...outcasting me I guess Um yeah, it was kind of a bummer and then,like I don't know, then I had my experiences in maide andmy only P. Maine again is a lily white community Um, and my own experiencewith M Asian was that they were Um international students and so thereforethey kind of had their own. You know group and they also had a verydifferent. Like I mean aside from the culturalupbringing, I think also economically m different upbringing aswell, and so so really I was like I didn'tfit. I now either also they ant kne out of speech Chinese and again did notknow how to speak. Chinese Andso, yeah, so kind of got ajaded. I guess I kindocreated, I guess in my mind or with th through my experiences, a jaded Umperspective of the Um Asian Community, and so it Kindo took me a while to tryto like open up and kind of even search for that kind of community, and I haveto give like you know, applause to somewhere between FOTGAS 'cause. That'swhere I like was like. Oh my goodness, like that. First episode that you guysdid, I was like. Oh my God. I have those same thoughts too and like M. Oh, my goodness, wowthere's a type of like a space. For me too. I belong kind of I'm glad so helped you feel like youbelong somwher. I know that I think a lot of adoptins kitd o struggle withthat because you know or to white, for the Asian kids to Asian forthe white kids and then I kind of like well. Where do we go yeah? Definitely resineed withthat aloteverything Asad. I didn't go to Beuy side, IAS, iting carting up being alongbright people. So much I I didn't know Ike what having Asian friends was likefor a while and ID think I just had like all these stereotypes. The collegeactually Jong Lica, like the traditional white, selorities Um andfor the longest time. Actually I w Hav people tell me that, like oh you're,like white Asia in Heke gear, Whitewash Asian, like you're, not like the restof them, make those kind of commens always mad me like really not awareIlik Ma Asan I've actually had some ontommy, who would offerd Iven like asister in Thi sorty. At the time she said that evously didn't want to hangout with, like fobs, like I actally, didn't even know at that Manu so tow.There were so many like moments where I was likealmost hard to have Asianfriends, because it just felt negative for whatever reason and th ended upactually quitting the Soority enjoiing, an Asian Asian American, already ND,getting really involved in the agent community and that Wasyeah, like se Waso ruld, and I was just like kind of the first time, were like the majoritySoe. Like you know you just look around nd you're, like you can't put peopleinto boxes. Like is neet. Some people, like Asian people, are just people likethere's these stereiodydqit on Hean. I feel like that was like pat of a pointwhere I was able to feel more comfortable, but the same time. I Ithink that we guys mean, when you say like you were outcasted, because evenjust being around Asians, who are from like Asian families, there's so muchcultural things that I'm just not aware of, even though Chinese T at I don'tunderstand, like Cinese new years rere, Sir and like there were times where Ifelt so excuded ecause, they were e, you never had Feb before and and I'mlike no and they're like you, never had bobut tea and I'm like no Yahand. It's.I think I think that's a common thing and I don't think they mean to be budabout it or like to offend you, but I don't think they always understandthat's a very sensitive topic and that we can't we can. We can't HLP Tham, wedon't know riht, we don't have e Um opportunities that they have thers a CN, get difference between.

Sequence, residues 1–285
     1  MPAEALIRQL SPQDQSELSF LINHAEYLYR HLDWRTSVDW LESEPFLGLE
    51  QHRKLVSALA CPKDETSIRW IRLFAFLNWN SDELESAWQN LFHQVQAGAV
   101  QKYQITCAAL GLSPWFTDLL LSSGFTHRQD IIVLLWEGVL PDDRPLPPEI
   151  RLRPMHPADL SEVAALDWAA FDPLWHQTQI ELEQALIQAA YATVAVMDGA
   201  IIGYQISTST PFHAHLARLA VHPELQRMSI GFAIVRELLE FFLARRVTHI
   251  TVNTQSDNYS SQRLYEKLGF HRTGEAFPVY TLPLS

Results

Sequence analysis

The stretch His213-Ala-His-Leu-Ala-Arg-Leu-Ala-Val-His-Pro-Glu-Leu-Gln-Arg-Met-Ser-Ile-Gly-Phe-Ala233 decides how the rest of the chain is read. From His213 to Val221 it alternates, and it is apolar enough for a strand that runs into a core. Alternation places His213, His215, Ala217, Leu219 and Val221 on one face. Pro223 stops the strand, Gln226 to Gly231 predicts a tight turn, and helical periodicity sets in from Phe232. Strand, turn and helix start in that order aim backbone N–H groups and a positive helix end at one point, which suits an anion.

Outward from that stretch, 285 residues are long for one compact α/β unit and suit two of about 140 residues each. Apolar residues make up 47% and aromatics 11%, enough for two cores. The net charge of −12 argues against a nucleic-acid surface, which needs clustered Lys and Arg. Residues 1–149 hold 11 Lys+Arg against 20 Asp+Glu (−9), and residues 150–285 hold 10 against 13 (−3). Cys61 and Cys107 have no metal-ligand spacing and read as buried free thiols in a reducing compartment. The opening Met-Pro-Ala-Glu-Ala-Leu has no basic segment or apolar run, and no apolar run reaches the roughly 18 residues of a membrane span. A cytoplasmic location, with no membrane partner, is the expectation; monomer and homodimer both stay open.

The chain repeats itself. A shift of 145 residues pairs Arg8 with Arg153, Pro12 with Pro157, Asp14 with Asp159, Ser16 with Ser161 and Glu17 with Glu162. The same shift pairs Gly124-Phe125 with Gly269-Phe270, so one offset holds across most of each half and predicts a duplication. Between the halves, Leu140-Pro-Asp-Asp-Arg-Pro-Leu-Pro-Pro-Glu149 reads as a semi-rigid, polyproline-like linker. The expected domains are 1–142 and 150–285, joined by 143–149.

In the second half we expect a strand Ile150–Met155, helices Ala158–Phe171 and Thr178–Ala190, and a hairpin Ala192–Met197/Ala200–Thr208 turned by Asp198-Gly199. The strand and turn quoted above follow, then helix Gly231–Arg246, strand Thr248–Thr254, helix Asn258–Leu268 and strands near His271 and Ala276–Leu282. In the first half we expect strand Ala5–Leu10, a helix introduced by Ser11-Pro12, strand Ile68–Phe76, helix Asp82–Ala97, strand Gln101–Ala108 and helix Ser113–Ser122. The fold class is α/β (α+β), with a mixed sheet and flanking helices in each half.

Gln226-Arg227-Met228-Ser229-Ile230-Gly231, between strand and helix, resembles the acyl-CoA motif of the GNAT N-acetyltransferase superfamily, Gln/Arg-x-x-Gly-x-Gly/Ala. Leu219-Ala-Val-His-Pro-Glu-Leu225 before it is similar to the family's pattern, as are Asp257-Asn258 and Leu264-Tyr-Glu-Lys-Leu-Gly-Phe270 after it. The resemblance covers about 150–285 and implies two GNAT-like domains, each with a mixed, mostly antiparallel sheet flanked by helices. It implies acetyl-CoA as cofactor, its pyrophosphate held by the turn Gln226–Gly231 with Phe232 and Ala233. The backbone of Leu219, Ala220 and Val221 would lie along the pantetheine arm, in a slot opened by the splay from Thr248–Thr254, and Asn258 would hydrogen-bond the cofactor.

You know internationally Chinese peoplewho are studying here and then as well as trains Americans like us, it's yeah physically, we might look the samebut our whole. You know I mean my life has been shaped completely differentfrom you know from theirs, and you know it's important to be sensitive,because it is easy to kind of step on toes and something. Then I havekind of had to teach myself, though, with no growing up with the time ofAsian friends. Is that just because someone is Asian as well, it doesn'tmean that we automatically have to like get along. You know what I mean like. Iknow that I have an an Ahave had a friendship where italmost felt like force 'cause, we were like you know. We should be friendsbecause we're both adopted from China and Yanata Ya, but that also doesn'tmake sense. It really has to be natural and it has to be. U. You know genuine and entrats are tovingstreght, and so I think it's kind of like the mix of wanting to reach outand like be friends with people in like the same community, but also knowingthat, just because we have this like similar things such as adoption Um, it doesn't mean necessarly that youhave. You know that you're going to get along with everybody like any anyoneelse, Yeahi mean even Um, like Chinese kids,born here in America and raised by Philly Chinese family still Ar Alcassas, sometimes by theinternational students, because you're still not a mainlander and considered fully Chinese, which is socrazy to me that we just like to box each other and try to rank each otherand like how Chinese you are M, but also look on the flipside.There's alsol lots of u negative stereotypes about the internationalstudents who come from maily in China. That's true Ifeel, like there's always time periodswhere, like in any group on men, whether it's like Felloasians or likeother pocs or like with whitefolks. There's, always this feeling of likeneeding to prove my Asian is especially when I'm with, because I think tit'sjust so obvious, sometimes that I'm from like a white family. Maybe it'sjust like the way I talk or like I'm just Americanized, and it comes across that way. 'CAUSE,like my family's, very SOTHERN, so I'll say so other things too, where peopleare like. What are you saying, and then that makes me reallygane to approve myAsan as more, but then when I'm with, like I people, I almost feel like, Ineed to UN it down in a way. theioting he's always just like this feeling oflike being super aware of my ish, I ay with externing groups and kind ofhaving Alidy thoght in like different ways. Our feeling me, like external,like I have toalogy, that I think it's kind of on the line of Umconversation as to identity. Where I know I've Um heard this in thepodcast as well. People saying how Um, when they they sometimes forgetthat they look Asian yhthat's am yeah Um. I I mean I was my mom is Irish, mydad's Irish Um, her brother and sisters, they're, Um, Irish as well like, andit's so born in an Irish Catholic kind of family and so yeah. I was surrounded by a lotof white people, so I kind of forgot that I look Asianand maybe it was because of the way that I grew up and l the way Iinteracted with my family that they didn't, really, I guess say or like Um,have certain M. I guess cerminologies are words that indicated that you'redifferent or that you're Asian Um, but there were like time, were likesometimes I'd. Just looke I'd, walk past t a mirror and I'd be like. Oh, Oh,oh I've, not I I don't know I'mlike. Oh, I am Asianlooking okay, Um and then, but then...